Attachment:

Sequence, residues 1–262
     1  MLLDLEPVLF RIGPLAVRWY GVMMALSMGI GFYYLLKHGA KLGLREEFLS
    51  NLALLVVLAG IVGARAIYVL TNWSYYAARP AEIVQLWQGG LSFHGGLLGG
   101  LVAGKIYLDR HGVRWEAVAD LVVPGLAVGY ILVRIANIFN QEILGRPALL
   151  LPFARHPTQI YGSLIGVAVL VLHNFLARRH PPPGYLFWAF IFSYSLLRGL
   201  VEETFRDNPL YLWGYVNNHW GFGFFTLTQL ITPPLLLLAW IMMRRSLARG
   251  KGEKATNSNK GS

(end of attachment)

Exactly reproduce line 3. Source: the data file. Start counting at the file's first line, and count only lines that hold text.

    51  NLALLVVLAG IVGARAIYVL TNWSYYAARP AEIVQLWQGG LSFHGGLLGG